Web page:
Hepatitis A: 15 Things Doctors Won't Tell You (Part 1)

Hepatitis A: 15 Things Doctors Won’t Tell You (Part 1)

Hepatitis A: 15 Things Doctors Won't Tell You (Part 1)


Hepatitis A is one of the most terrifying diseases in the world. However, despite the fact that the disease has spent a considerable amount of time in the spotlight and under the scrutiny of the public eye, there are still some things that many people don’t know. With that in mind, here we present our list of 15 things you probably didn’t know about Hepatitis A. Check out part one below, and stay tuned for part two, coming soon!

Number Fifteen: Certain People Are More Likely to Get Hepatitis A Than Others

If you’ve recently traveled to developing countries, live with someone who’s been diagnosed with Hep A, use illegal drugs, have unprotected sex, or provide child care, then you’re more at risk of being infected with Hep A. It’s also true that gay men who participate in gay sex are more likely to contract the disease.

Number Fourteen: The Disease Is Transmitted Through Feces

Gross, but true. It’s possible to get Hep A by eating food made by an infected person who didn’t wash his or her hands, drinking untreated water, or having sex with an infected person.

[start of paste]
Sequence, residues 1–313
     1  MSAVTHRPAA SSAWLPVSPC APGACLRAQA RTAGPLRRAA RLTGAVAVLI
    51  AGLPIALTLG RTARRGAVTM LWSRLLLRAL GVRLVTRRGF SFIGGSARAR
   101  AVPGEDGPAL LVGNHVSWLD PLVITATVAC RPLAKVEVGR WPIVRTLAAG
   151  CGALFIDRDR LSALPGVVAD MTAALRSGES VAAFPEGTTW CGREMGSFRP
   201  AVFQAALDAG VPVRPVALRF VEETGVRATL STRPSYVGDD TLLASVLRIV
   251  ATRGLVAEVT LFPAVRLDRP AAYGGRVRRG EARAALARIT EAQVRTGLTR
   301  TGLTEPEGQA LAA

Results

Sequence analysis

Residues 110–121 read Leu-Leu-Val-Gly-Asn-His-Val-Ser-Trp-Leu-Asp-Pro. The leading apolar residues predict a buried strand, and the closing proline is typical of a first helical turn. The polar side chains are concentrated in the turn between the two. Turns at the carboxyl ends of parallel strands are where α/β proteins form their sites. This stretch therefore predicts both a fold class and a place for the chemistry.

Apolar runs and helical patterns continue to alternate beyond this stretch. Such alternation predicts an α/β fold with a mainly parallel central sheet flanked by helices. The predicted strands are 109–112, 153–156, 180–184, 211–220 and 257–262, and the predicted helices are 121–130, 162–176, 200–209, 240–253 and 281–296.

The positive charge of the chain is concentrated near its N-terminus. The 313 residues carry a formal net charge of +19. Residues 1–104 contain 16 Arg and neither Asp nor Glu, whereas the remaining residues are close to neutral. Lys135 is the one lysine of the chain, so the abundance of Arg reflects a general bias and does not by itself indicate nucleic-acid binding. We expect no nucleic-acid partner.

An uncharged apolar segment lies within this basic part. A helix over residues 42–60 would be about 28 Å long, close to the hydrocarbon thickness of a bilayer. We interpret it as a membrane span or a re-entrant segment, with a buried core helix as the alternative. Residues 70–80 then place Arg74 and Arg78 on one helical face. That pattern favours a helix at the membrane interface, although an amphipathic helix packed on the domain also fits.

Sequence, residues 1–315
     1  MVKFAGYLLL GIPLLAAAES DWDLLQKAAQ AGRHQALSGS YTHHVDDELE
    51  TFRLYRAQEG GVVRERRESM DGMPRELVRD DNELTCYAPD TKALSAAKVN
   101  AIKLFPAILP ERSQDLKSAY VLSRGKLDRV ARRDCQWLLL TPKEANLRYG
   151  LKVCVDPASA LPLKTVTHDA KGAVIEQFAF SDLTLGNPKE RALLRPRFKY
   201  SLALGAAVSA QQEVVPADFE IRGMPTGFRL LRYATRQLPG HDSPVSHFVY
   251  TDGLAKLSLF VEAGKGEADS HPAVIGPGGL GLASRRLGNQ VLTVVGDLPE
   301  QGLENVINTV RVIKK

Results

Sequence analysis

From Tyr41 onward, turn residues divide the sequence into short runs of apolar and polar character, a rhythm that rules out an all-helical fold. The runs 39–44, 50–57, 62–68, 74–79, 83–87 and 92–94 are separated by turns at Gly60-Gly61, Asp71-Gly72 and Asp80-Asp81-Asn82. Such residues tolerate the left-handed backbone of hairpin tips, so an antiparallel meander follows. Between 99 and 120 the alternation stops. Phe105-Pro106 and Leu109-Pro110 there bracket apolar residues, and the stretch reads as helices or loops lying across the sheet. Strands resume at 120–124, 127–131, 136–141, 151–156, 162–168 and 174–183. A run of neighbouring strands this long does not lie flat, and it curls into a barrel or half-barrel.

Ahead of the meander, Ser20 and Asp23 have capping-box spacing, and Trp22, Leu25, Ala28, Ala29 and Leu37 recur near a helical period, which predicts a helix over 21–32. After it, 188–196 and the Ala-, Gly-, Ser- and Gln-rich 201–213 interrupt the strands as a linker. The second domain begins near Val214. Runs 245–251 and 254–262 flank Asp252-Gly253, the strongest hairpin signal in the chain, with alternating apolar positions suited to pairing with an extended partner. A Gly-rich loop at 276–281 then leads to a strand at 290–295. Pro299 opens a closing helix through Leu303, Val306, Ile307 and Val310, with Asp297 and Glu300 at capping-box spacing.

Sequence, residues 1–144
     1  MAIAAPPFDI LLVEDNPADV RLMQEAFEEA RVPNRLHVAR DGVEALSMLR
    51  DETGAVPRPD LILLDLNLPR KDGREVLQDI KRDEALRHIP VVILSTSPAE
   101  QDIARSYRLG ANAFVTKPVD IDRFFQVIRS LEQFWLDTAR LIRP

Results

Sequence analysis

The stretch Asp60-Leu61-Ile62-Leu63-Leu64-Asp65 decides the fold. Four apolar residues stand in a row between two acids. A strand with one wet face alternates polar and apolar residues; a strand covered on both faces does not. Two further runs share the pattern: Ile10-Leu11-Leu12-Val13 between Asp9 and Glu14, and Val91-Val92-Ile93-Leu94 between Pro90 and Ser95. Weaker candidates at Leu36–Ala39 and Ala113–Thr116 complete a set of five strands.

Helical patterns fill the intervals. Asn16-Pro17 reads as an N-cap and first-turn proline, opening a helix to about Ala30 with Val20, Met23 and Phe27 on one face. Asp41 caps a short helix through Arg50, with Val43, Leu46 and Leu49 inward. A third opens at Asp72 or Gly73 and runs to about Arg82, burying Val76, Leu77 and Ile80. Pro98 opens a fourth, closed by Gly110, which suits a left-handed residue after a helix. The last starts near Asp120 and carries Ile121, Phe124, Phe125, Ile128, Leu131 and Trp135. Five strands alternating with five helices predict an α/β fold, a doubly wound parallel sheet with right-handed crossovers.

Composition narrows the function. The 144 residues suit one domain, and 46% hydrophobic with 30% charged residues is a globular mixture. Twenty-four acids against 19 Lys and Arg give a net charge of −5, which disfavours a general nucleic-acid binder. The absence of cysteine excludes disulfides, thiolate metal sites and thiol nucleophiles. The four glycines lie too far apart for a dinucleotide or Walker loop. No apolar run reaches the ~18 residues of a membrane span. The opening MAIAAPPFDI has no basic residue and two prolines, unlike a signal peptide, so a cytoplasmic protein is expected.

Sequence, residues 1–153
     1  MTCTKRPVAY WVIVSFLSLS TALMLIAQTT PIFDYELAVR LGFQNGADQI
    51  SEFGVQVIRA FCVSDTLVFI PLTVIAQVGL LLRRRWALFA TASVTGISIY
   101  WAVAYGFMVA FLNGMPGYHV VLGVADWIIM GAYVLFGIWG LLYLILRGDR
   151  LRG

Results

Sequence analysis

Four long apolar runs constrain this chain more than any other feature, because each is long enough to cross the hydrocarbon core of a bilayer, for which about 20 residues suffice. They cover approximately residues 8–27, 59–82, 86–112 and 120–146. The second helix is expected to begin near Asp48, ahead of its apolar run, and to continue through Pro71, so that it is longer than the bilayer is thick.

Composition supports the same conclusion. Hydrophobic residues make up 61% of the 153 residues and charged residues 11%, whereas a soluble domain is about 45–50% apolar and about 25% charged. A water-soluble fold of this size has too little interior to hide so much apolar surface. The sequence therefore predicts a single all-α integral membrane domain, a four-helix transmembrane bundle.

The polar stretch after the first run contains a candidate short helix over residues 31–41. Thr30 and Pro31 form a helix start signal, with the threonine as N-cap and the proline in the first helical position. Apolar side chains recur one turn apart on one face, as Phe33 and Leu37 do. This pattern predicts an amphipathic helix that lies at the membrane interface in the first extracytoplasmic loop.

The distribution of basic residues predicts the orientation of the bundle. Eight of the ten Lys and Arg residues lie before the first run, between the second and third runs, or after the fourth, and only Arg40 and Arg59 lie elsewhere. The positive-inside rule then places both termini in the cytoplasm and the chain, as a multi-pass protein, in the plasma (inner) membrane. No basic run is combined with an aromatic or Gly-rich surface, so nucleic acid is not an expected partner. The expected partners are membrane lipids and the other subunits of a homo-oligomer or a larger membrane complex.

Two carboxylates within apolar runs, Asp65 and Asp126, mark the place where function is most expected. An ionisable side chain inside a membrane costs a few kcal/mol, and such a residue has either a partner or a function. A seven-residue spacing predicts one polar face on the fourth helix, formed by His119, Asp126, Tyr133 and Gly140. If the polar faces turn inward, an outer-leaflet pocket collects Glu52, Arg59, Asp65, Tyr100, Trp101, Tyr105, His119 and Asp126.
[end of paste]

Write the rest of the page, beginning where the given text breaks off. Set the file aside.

Number Thirteen: It’s OK for Infected Mothers to Breastfeed

Though some infected mothers might be concerned their babies could become infected from breastfeeding, it’s perfectly OK. However, infected mothers should probably refrain from any contact with their babies unless they’re in a sterile environment.

Number Twelve: It’s Usually Symptomless

However, this isn’t always true. When people do experience symptoms, they often include fatigue, soreness, fever, diarrhea, and jaundice.

Number Eleven: It Usually Gets Better on Its Own

Within a few weeks of contracting Hep A, most people get better. Even without treatment, this is the case.

Number Ten: It’s the Seventh Most Reported Infectious Disease in the U.S.

It’s true! Hep A comes in seventh after gonorrhea, chicken pox, syphilis, AIDS, salmonellosis, and shigellosis.

Number Nine: More Than One Million Cases Are Reported Every Year

In fact, 1.4 million cases are reported around the world every year. And that’s not including the cases that don’t get reported! Stay tuned for part two of our list of 15 things you didn’t know about Hepatitis A, coming soon!

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